02 September 2009

Colorado Passenger Rail Line Cost Estimated

How much would passenger rail lines cost?

From Denver International Airport in Colorado to Vail along I-70:(intermediate stops in Keystone and Frisco, and presumably Denver): $15 billion

From Fort Collins to Pueblo along I-25 (including intermediate stops in Denver and Colorado Springs): $5 billion

From here. The total would be about $21 billion (presumably a function of rounding errors).

One option under consideration would be to use electric trains capable of average speeds of 60 mph in the I-70 corridor and up to 140 mph in key portions of the I-25 corridor[.]

The $1.5 million study was done by a local government backed and state chartered authority.

In the mountains a key issue is the extent, if any, to which passenger rail could reduce the need for expensive highway expansion or increase state tax revenues associated with tourism. The only real comparison, and it is a poor one, is to the Ski Train (which was recently permanently cancelled and may or may not be uncancelled).


Michael Malak said...

Frustratingly, this draft is not available at rockymountainrail.org so we don't know how many trips they're projecting.

There are $15 billion amortized over 30 years and divided by 400,000 round trips per year comes to a $1,250 subsidy for the capital costs. That doesn't include the operating costs that would presumably be funded with ticket purchases.

Widening I-70 would not cost less than $5 billion.

Air travel may be the most economical.

Andrew Oh-Willeke said...

I think that the Post got a pre-release copy of the not yet final report.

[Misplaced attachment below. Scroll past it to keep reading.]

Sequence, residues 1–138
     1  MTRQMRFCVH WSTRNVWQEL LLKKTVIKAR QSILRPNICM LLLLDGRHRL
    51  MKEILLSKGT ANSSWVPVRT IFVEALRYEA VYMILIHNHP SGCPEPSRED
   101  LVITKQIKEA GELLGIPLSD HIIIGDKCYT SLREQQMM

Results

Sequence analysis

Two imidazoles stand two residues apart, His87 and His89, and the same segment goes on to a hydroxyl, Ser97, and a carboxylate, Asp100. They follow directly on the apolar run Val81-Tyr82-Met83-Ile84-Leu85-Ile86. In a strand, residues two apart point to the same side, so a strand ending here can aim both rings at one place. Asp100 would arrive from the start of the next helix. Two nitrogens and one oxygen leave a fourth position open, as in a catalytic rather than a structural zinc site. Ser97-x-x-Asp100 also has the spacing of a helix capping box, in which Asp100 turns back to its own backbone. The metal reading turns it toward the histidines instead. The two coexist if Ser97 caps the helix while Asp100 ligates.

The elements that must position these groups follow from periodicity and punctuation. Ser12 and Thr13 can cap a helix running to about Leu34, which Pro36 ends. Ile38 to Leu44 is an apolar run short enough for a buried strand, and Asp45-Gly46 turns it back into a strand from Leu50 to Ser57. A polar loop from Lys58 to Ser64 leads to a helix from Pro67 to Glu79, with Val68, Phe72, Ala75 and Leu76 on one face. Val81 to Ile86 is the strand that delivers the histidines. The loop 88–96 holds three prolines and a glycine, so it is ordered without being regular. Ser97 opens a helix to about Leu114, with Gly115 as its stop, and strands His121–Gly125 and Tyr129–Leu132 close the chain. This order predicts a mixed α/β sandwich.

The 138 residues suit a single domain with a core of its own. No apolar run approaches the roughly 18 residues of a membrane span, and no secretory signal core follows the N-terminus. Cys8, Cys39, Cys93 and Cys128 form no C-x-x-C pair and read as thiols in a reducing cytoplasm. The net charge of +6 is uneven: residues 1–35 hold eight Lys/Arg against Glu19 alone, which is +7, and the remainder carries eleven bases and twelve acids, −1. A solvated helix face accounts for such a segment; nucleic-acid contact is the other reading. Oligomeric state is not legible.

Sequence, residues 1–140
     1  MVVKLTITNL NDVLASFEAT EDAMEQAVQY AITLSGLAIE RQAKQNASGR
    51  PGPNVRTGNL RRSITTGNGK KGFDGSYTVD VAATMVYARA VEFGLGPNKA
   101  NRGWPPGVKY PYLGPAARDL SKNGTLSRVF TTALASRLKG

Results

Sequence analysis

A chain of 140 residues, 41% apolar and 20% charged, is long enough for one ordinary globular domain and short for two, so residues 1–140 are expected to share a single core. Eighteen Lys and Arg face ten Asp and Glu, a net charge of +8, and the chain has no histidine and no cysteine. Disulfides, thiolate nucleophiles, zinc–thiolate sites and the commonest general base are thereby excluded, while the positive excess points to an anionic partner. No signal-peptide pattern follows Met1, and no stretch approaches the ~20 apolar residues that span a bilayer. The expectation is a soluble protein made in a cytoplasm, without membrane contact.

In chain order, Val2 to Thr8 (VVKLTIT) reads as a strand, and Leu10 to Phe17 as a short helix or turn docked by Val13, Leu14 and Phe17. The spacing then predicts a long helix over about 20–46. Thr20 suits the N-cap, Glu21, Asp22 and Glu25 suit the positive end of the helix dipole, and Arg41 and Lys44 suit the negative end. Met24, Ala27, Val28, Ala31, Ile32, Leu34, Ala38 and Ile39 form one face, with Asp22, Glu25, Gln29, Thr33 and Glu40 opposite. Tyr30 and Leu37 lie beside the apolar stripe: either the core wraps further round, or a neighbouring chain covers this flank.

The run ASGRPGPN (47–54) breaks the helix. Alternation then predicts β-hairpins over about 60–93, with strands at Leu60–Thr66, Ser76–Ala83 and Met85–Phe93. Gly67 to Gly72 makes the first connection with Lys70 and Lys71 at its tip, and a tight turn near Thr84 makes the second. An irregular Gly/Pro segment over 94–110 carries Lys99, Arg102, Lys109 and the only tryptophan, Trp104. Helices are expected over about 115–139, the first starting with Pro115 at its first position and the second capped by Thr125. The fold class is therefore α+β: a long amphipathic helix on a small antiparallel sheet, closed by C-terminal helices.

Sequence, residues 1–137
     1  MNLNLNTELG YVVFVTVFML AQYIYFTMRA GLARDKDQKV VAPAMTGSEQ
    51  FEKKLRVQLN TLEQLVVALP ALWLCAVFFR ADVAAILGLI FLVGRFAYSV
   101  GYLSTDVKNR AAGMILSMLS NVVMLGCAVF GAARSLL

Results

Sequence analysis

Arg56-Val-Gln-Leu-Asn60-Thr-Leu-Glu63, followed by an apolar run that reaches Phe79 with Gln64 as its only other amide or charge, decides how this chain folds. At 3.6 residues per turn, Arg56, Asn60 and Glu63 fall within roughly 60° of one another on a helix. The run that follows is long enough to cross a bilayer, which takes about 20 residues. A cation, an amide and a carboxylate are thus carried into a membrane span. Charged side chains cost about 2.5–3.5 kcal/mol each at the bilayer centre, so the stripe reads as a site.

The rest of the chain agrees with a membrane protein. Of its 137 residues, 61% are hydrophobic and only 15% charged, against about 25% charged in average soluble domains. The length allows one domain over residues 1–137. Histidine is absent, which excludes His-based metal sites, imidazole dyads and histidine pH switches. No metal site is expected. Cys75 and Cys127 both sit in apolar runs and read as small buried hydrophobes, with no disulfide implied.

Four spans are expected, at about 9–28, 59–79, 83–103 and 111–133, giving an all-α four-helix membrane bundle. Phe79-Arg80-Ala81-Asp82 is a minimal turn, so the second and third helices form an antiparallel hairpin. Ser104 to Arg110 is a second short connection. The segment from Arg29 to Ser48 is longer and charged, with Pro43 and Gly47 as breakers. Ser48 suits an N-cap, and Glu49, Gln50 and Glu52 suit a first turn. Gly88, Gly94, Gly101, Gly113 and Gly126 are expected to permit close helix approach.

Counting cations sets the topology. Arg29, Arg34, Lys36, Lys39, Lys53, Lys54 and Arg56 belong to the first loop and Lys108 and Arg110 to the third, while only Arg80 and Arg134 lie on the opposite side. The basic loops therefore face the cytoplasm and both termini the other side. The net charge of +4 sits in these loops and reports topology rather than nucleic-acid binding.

DIA cost about $5 billion to build (in 1996 dollars). Many resort towns from here to Vail, however, don't have airports.

Is an estimate of 400,000 round trips a year reasonable? Maybe so.

The Ski Train to Winter Park had a capacity of 750 passengers per trip and ran about 33 trips each winter (total traffic capacity of about 25,000).

But, Winter Park does not have as much of the market share of ski resorts on the Denver to Vail path (it has about 1 million visitors annually).

Vail, Breckenridge, Keystone and Beaver Creek combined (accord to the 2008 Vail Resorts Mgt. Co.'s annual report) have about 5 million visits annually, and Colorado's combined total is about 15 million visits. Five times the Ski Train volume would be 125,000 trips per year, but a DIA connection and the fact that the trip is considerably short and would be on faster trains would increase traffic. Also, service would probably be much more frequent.

Still, even a $500 a year capital cost subsidy that would come with 1 million trips per year is pretty high for a service that almost entirely benefits high income skiiers. Chris Romer's idea of a congestion fee in peak demand times which would be used to pay for free bus service certainly sounds competitive.

Silverthorne estimates in an appendix to a March 2009 report that 12 million I-70 users go through its community each year. Lots of studies are found a the I-70 Coalition website.

The ski industry reputedly adds about $2.5 billion to the state's economy. Over 30 years, that's $75 billion. A $15 billion rail subsidy is a huge boon for that one industry, about 20% of its contribution to the state economy.

Ken said...

I question the need for the train to begin at DIA. With the East Corridor train from DIA to DUS planned under FasTracks, why duplicate that line as part of a mountain corridor system?

It makes more sense to me for skiiers to have to travel to Downtown Denver first (and hopefully spend a day or so and some cash there) before heading up to the mountains. I realize that would only put a small dent in the $15B price tag, but every bit helps.